Extreme fire behavior — difficult to predict and dangerous to fight — has been the watchword for the year. And these fires are menacing more lives and property.
TROUTDALE, Ore. — Some fires suddenly exploded in size. One in Montana doubled in 24 hours, charring 78 square miles overnight — an area bigger than Brooklyn. Already burning fires started new ones, shooting embers like artillery barrages, including one that apparently jumped several miles across the Columbia River into Washington from Oregon, breaching a natural firebreak that long seemed impregnable.
Extreme fire behavior — difficult to predict and dangerous to fight — has been the watchword of the 2017 season across the West. More large, uncontrolled wildfires were burning in 10 Western states in early September than at any comparable time since 2006.
And those fires have leaned in, menacing more lives and property, by their size and their proximity, than in any recent season. Two firefighters died in Montana, and dozens of buildings and homes have been destroyed in California. About 150 hikers had to be rescued in Oregon when a fire encircled them. Evacuation orders — residents told to be ready to flee at a moment’s notice — reached to within 15 miles of downtown Portland. One of the largest fires ever recorded in Los Angeles County roared down from a canyon near Burbank, leapt a highway and forced hundreds of residents, from Burbank into Los Angeles itself, from their homes.
For Jerry and Cheri Brown, the disturbing and surprising contours of the season hit home this month when they stepped outside their motor home, which was parked on the banks of the Columbia River, where they were volunteering as hosts at a campground about an hour east of Portland.
It was raining fire, or close to it, they said. Small sticks and pine cones, smoking and still too hot to touch, were landing around them, whirled there by winds blasting from the Eagle Creek fire just to the east near Multnomah Falls, a place that has not seen a major wildfire in living memory.
Then, as they looked toward the Cascade Range slopes that rise steeply from the river, they saw the fire surge toward them through the Douglas fir, cedar and hemlock.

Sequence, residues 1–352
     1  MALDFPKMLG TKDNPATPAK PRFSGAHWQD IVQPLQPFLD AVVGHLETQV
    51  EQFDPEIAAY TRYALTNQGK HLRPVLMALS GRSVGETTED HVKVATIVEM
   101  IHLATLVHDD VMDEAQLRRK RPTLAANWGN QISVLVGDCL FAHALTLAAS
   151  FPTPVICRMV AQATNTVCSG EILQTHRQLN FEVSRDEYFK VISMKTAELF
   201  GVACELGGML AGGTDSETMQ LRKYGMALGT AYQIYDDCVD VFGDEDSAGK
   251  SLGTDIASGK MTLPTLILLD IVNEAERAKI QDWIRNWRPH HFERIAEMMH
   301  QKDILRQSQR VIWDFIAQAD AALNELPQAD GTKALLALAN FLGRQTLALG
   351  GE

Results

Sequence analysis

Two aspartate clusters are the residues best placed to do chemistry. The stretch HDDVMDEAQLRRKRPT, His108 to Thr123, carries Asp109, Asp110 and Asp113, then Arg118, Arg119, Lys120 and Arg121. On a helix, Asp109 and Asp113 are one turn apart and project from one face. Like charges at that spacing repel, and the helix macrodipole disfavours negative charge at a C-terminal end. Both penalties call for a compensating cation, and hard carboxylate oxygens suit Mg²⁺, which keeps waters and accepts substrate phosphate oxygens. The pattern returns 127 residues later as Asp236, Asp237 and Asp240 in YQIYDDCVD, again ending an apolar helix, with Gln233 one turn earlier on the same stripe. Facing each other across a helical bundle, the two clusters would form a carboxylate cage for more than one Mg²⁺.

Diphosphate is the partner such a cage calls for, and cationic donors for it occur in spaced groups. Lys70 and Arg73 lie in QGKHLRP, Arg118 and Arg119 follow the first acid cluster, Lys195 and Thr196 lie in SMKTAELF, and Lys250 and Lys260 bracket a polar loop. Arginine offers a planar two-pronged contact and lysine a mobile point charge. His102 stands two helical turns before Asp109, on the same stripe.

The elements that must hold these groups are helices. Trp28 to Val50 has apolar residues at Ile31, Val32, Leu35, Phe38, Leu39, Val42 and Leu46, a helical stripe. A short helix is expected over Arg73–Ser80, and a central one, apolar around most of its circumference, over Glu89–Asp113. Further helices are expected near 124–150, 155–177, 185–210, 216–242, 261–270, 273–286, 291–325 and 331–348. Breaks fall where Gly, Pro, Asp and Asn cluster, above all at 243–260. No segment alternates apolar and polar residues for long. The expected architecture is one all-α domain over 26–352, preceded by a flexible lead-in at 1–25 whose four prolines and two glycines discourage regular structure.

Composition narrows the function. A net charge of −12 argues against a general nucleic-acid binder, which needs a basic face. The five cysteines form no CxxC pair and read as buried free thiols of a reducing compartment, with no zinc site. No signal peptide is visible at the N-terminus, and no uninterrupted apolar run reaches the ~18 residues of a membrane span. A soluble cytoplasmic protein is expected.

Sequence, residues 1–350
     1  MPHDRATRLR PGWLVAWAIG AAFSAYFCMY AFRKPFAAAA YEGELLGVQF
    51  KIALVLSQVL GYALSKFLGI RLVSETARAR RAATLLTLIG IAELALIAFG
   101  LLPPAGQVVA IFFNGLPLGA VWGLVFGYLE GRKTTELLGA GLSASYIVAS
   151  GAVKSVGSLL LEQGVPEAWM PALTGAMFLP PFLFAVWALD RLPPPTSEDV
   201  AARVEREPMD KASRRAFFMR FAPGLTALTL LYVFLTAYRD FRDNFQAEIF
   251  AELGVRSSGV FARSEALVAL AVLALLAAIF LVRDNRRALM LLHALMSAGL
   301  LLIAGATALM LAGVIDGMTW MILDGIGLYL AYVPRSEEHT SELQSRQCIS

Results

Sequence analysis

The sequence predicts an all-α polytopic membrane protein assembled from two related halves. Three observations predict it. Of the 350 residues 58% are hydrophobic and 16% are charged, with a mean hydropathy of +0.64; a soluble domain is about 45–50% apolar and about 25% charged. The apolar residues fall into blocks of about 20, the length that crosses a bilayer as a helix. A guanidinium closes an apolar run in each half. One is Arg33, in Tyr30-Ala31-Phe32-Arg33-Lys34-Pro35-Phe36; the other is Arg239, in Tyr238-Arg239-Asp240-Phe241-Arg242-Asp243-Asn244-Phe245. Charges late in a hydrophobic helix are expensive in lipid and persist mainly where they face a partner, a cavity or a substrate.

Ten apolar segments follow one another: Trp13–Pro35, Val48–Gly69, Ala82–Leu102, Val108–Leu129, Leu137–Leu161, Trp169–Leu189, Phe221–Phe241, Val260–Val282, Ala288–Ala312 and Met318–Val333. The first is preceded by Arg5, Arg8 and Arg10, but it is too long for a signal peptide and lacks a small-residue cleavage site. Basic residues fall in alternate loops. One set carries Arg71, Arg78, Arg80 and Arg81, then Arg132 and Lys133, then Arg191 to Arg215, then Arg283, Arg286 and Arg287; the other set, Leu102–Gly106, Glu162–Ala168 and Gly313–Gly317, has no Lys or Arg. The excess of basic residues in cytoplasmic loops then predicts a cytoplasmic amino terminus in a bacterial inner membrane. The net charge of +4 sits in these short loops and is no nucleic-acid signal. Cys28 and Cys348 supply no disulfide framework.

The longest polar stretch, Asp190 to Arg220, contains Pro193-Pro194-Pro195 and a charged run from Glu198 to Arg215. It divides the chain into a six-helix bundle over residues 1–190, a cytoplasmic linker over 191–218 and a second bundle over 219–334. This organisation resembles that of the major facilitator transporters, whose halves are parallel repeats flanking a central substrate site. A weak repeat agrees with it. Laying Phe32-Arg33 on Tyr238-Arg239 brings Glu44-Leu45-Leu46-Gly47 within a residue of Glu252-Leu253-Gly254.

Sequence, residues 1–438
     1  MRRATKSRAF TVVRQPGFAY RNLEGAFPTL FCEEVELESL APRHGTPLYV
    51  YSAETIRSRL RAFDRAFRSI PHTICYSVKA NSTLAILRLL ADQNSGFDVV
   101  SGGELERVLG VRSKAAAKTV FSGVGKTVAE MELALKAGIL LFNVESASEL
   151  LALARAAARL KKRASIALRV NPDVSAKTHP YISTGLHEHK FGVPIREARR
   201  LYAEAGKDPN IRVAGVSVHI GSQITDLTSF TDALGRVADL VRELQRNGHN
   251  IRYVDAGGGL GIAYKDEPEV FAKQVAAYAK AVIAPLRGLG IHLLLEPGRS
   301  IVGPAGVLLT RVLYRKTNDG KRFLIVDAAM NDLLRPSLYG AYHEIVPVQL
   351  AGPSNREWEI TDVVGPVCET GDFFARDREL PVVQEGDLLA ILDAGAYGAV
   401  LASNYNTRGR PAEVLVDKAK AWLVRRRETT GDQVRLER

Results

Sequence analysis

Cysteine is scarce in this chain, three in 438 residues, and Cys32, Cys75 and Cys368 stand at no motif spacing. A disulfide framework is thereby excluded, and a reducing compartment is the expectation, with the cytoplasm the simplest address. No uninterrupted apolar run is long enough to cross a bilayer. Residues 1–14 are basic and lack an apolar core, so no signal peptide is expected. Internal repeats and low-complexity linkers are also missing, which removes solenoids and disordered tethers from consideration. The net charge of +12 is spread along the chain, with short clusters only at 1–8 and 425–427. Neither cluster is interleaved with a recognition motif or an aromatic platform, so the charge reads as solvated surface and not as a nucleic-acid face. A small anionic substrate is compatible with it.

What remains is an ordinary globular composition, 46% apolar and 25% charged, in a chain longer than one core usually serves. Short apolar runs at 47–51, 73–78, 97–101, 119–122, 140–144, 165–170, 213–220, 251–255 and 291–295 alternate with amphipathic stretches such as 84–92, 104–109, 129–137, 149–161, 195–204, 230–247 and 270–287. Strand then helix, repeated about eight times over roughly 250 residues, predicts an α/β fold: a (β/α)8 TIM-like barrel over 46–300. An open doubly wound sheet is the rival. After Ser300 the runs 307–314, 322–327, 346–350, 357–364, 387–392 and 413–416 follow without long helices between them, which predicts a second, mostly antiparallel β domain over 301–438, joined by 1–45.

“I looked at her and she said, ‘Go now,’ ” said Mr. Brown, 74, a retired truck assembly worker, describing the scramble of their escape. “Scariest thing I’ve ever seen,” Ms. Brown added, standing alongside her husband in an evacuation camp across the river in Washington.
From California to Utah and Montana, thousands of others have also been forced to flee, and evacuation orders were still in place late last week for 23 active fires in four states, with nearly 21,000 firefighters in the field across the region.
Still, at least so far, the year is not a record, with 8.3 million acres burned as of mid-September. More than 10 million acres burned in 2015, the worst fire season in decades. But much of that land, as in previous years, was far from population centers, in remote areas of Alaska or western rangelands.
In stark contrast, this year’s fires are licking at people’s back doors or, in some cases, consuming the doors altogether. While some of that is because the fires are closer to major cities, there is another factor.
“As the West becomes more and more populated, we’re seeing more and more homes being built in these areas; the baby boomers retire and they’re building these homes all over, in natural parts of the landscape,” said Jessica Gardetto, a spokeswoman for the federal Bureau of Land Management. “We’re going to see more summers like this.”
Closer proximity to fire also means more bad air, as well as danger. Winds sent choking smoke from the fires into urban areas from Denver to Southern California. Seattle and Boise, Idaho, have already had more days of “unhealthy” air this year, as defined by the Environmental Protection Agency — many of those in the last few weeks — than in any year since 2007. Visiting college football coaches have worried about how the smoke might affect the performances of their players.
Changes in forest management have also fanned the flames, specialists say. Many areas of the West — where timber cutting has declined and even the thinning of trees for fire safety is sometimes contested by conservation groups — are choked with younger smaller trees that can burn readily, patches of thick undergrowth or blighted areas where insects or disease have left dead trees standing in place.